We find John Lennon in the throes of wicked productivity during his "Lost Weekend." This time, instead of producing an album for himself or for Harry Nilsson, or writing with David Bowie, he's helming the boards for Mick Jagger on a funky version of an old blues standard. They are joined by Jim Keltner on drums and Cream's Jack Bruce on bass along with a host of Stones-related sidemen to produce what Brian believes is the best post-Exile Stones-related thing available.
Brian flies solo this week for a full episode, deciding to tackle one of John Lennon's less-regarded, but no less amazing albums; 1974's Walls & Bridges. Recorded during Lennon's legendary "Lost Weekend," W&B finds its creator at a personal and professional crossroads. And by the time we get to the end, Lennon has logged two Top 10 hits (including his first #1) and come to the realization that - while going out and having fun every night might be great for a little while - there's truly no place like home. Success achieved.
It's Bonus Song Thursday! Bill and Brian discuss Gin Blossoms' "Til I Hear It from You" from the Empire Record soundtrack. Bill explains the legendary cult 90s film to Brian as they break down what makes the song great!
Bill and Brian delight in sharing their admiration for what may be a sometimes overlooked gem from the early 90s, the Gin Blossoms' New Miserable Experience (1992. A&M). Known as a hardworking band that loves the rigors of touring, the Tempe, AZ natives spent years toiling in obscurity, even spending over a year promoting this album, before they finally broke through to the mainstream with their third single "Hey Jealousy." The success was unfortunately timed, however, as founding member and principal songwriter Doug Hopkins, who had been dismissed from the band for drug and alcohol related issues before the album was even released, committed suicide shortly after his song ascended the charts. In this episode, Bill discusses how he started his deep dive into the band's catalog and began to see them as more than just a 90s nostalgia act after catching a performance at Six Flags Great Adventure. Bill and Brian also talk about how terrible Deep Blue Something really is, the canonization of NME, how alcoholism has touched our lives, when bass players should pull the root note 8th notes out of their bag of tricks, what BPMs are considered mid-tempo, the difference between overdrive and distortion, soloing off key, how long it takes to write a song, which Buddy Holly-esque pre-rock'n'roll melody is the best on the album, how life isn't over at the age of 29, and a track by track review!
It's Bonus Song Thursday! Brian waxes rhapsodic about one of his favorite songs and how it manages to blend free jazz, rock and roll, classical, and the avant garde to create a profound new sound. He takes a few emails from listeners, as well, shedding insight into how exactly The Strokes drumming is so precise. Brian also touches on the Ice Cube v. Gene Simmons "Is rap music eligible for the rock hall of fame" controversy.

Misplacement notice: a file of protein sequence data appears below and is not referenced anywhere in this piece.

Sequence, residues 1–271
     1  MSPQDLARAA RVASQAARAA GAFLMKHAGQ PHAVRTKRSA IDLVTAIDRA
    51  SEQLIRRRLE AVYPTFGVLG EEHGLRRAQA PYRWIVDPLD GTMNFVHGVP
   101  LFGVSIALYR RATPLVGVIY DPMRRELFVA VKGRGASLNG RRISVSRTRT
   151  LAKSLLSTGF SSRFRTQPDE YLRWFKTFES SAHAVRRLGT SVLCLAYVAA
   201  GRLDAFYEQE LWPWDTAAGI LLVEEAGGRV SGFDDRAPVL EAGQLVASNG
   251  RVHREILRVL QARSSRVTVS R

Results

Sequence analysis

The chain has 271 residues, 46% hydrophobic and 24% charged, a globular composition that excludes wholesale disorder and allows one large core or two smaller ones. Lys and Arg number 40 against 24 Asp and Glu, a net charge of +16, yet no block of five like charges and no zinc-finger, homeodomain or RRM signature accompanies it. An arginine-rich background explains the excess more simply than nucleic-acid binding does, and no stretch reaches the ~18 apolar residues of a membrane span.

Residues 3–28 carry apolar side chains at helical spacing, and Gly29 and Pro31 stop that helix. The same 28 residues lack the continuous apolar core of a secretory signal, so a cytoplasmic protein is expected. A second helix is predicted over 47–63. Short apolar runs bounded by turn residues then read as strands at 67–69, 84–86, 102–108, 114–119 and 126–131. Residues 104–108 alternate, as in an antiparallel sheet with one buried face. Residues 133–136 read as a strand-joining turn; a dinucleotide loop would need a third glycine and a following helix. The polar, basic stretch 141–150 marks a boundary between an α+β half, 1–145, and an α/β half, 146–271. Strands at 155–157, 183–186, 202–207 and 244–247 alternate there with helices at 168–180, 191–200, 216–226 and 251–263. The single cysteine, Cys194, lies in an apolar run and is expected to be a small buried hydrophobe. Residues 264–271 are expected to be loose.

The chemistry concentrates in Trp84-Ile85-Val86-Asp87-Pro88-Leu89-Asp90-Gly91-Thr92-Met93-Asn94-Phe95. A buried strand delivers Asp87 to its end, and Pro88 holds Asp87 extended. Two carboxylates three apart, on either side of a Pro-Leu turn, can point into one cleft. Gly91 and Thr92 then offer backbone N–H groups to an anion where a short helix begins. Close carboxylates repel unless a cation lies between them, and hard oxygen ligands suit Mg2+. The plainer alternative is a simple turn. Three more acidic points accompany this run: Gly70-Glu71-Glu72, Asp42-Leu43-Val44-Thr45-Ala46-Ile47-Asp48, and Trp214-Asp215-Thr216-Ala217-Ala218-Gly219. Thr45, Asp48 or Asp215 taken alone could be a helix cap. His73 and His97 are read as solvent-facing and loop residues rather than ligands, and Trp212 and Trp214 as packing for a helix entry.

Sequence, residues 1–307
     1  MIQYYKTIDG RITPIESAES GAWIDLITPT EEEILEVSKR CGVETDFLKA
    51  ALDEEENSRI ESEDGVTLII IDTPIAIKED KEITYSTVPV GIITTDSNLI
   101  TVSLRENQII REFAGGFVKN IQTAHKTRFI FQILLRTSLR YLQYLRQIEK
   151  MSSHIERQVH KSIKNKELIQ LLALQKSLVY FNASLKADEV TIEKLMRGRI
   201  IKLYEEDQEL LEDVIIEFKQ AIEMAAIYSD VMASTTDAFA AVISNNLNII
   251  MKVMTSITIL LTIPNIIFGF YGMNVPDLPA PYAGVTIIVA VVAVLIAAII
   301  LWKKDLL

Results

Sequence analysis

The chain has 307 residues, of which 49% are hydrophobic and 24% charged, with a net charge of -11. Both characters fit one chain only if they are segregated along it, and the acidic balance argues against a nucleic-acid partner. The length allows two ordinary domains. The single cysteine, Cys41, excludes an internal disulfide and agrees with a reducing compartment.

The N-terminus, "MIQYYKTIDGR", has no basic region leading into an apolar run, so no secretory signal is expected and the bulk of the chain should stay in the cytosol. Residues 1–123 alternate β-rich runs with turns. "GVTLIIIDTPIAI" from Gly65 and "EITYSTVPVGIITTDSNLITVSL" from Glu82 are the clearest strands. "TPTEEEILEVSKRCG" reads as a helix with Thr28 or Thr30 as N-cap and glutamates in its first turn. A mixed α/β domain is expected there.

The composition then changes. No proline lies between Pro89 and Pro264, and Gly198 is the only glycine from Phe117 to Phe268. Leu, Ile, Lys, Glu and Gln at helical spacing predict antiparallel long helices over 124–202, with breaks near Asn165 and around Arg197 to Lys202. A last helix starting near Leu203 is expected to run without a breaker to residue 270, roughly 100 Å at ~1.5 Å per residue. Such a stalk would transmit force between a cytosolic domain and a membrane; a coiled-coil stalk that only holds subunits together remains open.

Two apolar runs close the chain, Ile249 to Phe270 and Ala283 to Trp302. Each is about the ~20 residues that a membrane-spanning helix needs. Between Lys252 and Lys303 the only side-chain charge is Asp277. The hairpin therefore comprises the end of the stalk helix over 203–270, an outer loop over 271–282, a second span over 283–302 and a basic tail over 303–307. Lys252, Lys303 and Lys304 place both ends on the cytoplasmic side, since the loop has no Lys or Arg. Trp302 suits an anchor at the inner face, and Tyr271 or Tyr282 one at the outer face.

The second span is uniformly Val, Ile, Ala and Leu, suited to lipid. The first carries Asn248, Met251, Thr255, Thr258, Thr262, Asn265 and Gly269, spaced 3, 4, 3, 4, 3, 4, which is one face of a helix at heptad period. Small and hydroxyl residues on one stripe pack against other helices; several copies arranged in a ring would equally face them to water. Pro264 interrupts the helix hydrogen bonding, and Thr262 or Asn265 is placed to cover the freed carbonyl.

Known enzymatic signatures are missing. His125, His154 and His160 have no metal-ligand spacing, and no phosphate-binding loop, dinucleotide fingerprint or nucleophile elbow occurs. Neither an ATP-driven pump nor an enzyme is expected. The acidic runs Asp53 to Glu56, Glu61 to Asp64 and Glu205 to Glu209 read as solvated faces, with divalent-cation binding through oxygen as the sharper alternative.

Bill and Brian had a lot to do as Easter came early and Bill was prepping for his extensive trip to India, so they made it easy on themselves by sitting down to talk about another 10 great songs! We discuss songs from the Dollys, Frank Sinatra, Emitt Rhodes, Scott Walker, Bob Dylan, Teenage Fanclub, Nada Surf, Plumtree, Band of Horses, the Decemberists.
It's Bonus Song Thursday! And that means Brian and Bill once again join forces to discuss a single song. This week, we follow up our conversation with Savannah Pope of SpaceCream (spacecreamband.com) about David Bowie's The Rise and Fall of Ziggy Stardust and the Spiders from Mars by discussing a slightly less regarded section of his discography in the 80s, "Let's Dance." We talk about Nile Rodgers and Stevie Ray Vaughn's influence on the song as well as Bowie's career trajectory through the 80s. Additionally, we read some listener feedback that questions Bill's supposition that the Age of the Album started in 1964 and continued through till 2007, which leads Brian to metaphorically climb to the roof of the house and shout literal expletives.
Savannah Pope, singer for LA based glam rock outfit SpaceCream (spacecreamband.com), joins Bill and Brian via the magic of Skype to discuss David Bowie's seminal glam album the Rise and Fall of Ziggy Stardust and the Spiders from Mars (1972, RCA). What more needs to be said about Bowie that hasn't been done in the months since his death in January? He was an iconic artist that defined glam rock for many. On this episode, Savannah shares how she discovered Bowie as a teenager at reform school and helps us define exactly what glam rock is. Bill, Brian, and Savannah discuss the many phases of Bowie's career, what androgyny means creatively, the rock opera behind the music, Bowie's relationship with sanity, strange connections to "Somewhere Over the Rainbow" and John Williams, the meaning of the word "creature," mellotron, and as always a track by track review!